Social Anxiety Disorder
Social anxiety disorder, also called social phobia, is an anxiety disorder in which a person has an excessive and unreasonable fear of social situations. Anxiety (intense nervousness) and self-consciousness arise from a fear of being closely watched, judged, and criticized by others.
A person with social anxiety disorder is afraid that he or she will make mistakes, look bad, and be embarrassed or humiliated in front of others. The fear may be made worse by a lack of social skills or experience in social situations. The anxiety can build into a panic attack. As a result of the fear, the person endures certain social situations in extreme distress or may avoid them altogether. In addition, people with social anxiety disorder often suffer "anticipatory" anxiety -- the fear of a situation before it even happens -- for days or weeks before the event. In many cases, the person is aware that the fear is unreasonable, yet is unable to overcome it.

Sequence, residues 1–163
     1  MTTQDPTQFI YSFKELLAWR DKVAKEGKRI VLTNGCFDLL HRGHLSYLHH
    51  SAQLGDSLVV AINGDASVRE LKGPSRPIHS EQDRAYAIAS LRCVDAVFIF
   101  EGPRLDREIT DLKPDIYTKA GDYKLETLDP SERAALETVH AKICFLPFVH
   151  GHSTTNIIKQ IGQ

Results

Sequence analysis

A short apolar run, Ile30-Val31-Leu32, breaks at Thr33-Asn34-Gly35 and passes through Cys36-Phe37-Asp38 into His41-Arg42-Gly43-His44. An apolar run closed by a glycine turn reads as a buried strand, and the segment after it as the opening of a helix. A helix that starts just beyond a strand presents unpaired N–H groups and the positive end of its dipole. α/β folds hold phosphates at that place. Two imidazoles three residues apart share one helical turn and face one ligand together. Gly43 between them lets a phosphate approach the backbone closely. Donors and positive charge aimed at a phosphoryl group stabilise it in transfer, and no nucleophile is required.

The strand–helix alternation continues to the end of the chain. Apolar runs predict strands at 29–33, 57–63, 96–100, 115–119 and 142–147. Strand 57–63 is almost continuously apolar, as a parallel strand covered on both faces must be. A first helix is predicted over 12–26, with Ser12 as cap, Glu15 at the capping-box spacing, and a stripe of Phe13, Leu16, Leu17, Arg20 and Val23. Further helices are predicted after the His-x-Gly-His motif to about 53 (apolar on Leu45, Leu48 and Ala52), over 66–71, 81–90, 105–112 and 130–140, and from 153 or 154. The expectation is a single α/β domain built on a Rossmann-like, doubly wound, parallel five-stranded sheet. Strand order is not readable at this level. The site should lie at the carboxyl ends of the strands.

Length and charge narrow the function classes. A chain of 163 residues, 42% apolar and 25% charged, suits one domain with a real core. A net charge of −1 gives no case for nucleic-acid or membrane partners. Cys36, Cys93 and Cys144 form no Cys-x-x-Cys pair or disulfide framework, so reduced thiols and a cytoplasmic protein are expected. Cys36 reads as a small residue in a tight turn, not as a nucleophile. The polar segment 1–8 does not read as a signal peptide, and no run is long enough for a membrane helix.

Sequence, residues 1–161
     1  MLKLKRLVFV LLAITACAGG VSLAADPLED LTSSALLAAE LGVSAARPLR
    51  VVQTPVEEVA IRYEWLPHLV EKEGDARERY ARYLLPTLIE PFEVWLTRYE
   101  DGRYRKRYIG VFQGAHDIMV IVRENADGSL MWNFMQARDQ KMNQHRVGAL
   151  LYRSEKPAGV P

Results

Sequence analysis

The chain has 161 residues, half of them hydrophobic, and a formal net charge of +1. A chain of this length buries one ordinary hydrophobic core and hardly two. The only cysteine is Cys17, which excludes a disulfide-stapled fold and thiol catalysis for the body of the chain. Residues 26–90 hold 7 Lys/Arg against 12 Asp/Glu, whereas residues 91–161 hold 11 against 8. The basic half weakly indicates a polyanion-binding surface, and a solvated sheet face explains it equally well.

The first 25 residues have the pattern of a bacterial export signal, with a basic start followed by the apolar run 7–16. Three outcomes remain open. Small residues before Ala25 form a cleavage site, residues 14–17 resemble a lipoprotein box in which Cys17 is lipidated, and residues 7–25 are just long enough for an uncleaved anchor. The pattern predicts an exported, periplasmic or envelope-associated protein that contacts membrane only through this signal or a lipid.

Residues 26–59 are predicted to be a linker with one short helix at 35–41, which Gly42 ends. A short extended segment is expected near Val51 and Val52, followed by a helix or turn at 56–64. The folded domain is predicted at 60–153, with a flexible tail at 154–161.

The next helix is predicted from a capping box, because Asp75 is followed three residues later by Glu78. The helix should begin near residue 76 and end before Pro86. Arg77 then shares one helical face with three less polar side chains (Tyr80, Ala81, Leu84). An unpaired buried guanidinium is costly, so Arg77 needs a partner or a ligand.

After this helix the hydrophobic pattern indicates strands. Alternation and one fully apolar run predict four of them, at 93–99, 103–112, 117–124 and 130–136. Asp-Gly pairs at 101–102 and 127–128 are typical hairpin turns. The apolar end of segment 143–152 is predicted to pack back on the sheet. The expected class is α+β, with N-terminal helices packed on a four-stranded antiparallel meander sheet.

People with social anxiety disorder suffer from distorted thinking, including false beliefs about social situations and the negative opinions of others. Without treatment, social anxiety disorder can negatively interfere with the person's normal daily routine, including school, work, social activities, and relationships.
People with social anxiety disorder may be afraid of a specific situation, such as speaking in public. However, most people with social anxiety disorder fear more than one social situation. Other situations that commonly provoke anxiety include:
Eating or drinking in front of others.
Writing or working in front of others.
Being the center of attention.
Interacting with people, including dating or going to parties.
Asking questions or giving reports in groups.
Using public toilets.
Talking on the telephone.
Social anxiety disorder may be linked to other mental illnesses, such as panic disorder, obsessive compulsive disorder, and depression. In fact, many people with social...